Companies like Kiiroo, with its Pearl (for women) and Onyx (for men) devices, and OhMiBod with its OH-DOMETER linking app and other remote devices, have opened the door for the arrival of true teledildonics. With this current technology, lovers can trigger vibrators and other devices remotely or pre-program patterns of stimulation.
And greater innovations are right around the corner; ones that may very well create a near-perfect illusion of sexual reality. The Telsasuit, for instance, offers the promise of a full body virtual sensation. Using “smart textiles” the suit allows the wearer to receive—at present—a virtual hug via electromagnetic pulses. Though there’s no reason to doubt that the technology can also be brought to every other part of the body (wink wink).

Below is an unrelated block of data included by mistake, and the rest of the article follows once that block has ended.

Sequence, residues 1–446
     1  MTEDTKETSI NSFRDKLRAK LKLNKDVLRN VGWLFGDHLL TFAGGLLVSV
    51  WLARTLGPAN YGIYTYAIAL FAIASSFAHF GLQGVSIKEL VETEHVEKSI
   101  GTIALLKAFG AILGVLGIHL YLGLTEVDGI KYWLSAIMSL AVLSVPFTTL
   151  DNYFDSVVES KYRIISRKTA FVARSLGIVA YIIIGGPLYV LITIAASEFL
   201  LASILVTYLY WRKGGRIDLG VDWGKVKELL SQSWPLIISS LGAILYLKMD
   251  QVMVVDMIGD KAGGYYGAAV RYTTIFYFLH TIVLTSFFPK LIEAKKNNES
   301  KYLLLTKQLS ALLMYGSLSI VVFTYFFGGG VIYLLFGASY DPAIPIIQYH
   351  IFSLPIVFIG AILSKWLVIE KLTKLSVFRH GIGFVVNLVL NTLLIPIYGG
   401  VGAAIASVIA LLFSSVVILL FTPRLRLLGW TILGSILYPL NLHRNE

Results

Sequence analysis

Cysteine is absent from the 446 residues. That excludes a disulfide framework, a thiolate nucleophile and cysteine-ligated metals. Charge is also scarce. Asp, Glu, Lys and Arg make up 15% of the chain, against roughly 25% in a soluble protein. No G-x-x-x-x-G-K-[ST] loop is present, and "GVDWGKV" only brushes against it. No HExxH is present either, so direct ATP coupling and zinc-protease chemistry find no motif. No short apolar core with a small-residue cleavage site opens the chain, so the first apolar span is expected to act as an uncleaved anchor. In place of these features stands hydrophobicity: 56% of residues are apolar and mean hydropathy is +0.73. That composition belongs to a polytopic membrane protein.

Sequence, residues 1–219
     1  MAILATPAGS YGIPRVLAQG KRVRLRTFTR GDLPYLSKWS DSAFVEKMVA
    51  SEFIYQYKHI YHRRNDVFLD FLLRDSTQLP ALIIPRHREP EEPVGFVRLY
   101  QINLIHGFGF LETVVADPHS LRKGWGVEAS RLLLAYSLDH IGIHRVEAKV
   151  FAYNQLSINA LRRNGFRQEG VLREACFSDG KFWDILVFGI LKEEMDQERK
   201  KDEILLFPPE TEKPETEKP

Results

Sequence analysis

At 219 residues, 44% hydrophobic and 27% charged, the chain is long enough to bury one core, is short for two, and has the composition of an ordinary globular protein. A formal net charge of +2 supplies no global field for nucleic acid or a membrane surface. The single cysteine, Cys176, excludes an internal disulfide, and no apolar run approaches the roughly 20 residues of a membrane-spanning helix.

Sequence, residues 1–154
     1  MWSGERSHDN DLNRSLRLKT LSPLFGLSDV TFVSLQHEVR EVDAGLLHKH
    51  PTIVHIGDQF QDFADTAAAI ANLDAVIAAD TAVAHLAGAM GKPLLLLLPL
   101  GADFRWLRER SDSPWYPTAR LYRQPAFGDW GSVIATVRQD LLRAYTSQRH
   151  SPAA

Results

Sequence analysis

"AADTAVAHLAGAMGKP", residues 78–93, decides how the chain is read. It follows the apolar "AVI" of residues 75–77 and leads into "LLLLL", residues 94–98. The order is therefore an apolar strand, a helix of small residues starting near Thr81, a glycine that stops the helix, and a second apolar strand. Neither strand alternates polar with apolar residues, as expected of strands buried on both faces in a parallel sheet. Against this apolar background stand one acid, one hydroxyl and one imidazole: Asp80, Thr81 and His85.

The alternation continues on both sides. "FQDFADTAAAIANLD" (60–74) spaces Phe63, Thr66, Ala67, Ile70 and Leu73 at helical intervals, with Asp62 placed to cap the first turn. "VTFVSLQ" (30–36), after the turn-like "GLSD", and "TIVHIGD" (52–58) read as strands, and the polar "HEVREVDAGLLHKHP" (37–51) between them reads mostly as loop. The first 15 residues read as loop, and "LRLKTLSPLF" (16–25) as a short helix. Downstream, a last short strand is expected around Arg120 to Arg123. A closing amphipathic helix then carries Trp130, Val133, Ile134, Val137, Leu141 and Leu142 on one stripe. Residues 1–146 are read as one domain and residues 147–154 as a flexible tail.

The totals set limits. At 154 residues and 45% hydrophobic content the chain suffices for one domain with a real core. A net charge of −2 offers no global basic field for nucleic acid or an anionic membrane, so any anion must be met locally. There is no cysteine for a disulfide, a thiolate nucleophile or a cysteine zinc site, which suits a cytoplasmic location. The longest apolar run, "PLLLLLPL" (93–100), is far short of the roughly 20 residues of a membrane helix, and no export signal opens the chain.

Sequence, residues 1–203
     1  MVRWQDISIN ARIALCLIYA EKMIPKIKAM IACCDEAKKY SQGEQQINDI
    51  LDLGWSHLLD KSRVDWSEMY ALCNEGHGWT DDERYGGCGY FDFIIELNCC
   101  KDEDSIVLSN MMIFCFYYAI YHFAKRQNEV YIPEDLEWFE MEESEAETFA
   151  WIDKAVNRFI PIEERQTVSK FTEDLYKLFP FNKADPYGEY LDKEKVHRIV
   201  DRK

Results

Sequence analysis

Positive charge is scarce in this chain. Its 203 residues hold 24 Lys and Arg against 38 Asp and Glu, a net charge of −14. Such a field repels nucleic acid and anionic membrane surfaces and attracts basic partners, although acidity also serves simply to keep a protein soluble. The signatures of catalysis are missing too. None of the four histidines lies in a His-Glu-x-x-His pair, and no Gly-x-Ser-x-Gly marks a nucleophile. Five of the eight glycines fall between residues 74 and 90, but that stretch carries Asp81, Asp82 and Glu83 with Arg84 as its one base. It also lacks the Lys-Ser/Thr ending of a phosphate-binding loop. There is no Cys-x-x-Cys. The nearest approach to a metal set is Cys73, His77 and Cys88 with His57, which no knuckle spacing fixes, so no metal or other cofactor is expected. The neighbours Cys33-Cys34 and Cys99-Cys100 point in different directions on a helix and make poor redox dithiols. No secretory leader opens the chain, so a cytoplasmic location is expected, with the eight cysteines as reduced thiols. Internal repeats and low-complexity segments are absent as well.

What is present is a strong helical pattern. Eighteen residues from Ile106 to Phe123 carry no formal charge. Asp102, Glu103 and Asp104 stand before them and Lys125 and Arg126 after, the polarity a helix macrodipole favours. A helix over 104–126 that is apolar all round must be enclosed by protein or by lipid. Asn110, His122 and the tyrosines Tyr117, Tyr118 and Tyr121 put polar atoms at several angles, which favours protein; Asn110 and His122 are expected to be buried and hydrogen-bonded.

A bit farther off, though more than likely only a few years away, is the promise of the HaptoClone, from the University of Tokyo’s Shinoda-Makino Lab. Using ultrasonics, the HaptoClone gives holograms a practically realistic sense of touch.
When fully developed, this technology could very well mean the end of needing to wear physical haptic technology: allowing users to not just see their sexual partner remotely but touch and be touched.
All without a word being spoken: the physical language of love reaching anyone, and anywhere, in almost an instant.
The word is sex
Humans have an innate need to connect with one another: intellectually, emotionally, and, especially, sexually. Evolved to help us in these pursuits, communication–helped by technology–has given us more and more ways of connecting.
Right now we can express a wide range of emotion, and desire, with linguistic shorthand, symbols, and even physical contact. Who knows, eventually technology may very well give us perfect communication: the ability to link mind to mind, directly.
Until then, we’ll continue to push the limit of not just how we express sexual pleasure but the very definition of what sex can be.